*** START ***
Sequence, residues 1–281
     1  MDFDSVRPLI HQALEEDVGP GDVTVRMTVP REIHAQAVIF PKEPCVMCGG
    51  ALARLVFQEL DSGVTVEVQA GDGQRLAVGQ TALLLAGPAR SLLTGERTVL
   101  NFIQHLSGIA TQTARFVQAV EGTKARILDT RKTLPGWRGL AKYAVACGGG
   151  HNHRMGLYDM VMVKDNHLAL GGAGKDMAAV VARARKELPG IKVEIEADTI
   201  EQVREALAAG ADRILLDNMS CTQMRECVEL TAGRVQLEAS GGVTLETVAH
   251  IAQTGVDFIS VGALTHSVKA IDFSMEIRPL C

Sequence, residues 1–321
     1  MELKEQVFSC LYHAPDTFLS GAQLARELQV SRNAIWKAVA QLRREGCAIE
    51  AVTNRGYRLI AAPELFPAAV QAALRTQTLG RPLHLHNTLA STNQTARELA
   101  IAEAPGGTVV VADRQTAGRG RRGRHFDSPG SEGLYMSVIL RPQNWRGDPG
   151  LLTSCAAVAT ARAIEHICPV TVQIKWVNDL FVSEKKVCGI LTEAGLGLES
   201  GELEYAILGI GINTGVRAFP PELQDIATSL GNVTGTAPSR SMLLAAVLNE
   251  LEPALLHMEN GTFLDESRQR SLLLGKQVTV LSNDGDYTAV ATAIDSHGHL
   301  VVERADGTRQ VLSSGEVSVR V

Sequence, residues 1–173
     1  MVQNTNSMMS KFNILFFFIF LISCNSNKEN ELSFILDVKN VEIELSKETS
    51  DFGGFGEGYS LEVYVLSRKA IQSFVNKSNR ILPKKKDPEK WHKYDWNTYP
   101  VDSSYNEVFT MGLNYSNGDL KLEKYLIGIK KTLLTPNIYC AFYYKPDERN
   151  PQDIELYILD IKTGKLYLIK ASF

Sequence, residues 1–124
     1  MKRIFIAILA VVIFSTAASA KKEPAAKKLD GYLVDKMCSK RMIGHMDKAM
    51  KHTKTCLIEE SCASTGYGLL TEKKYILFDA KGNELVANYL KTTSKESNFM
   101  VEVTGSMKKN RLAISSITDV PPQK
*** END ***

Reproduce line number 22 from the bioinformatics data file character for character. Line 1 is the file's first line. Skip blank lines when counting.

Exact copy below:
     1  MKRIFIAILA VVIFSTAASA KKEPAAKKLD GYLVDKMCSK RMIGHMDKAM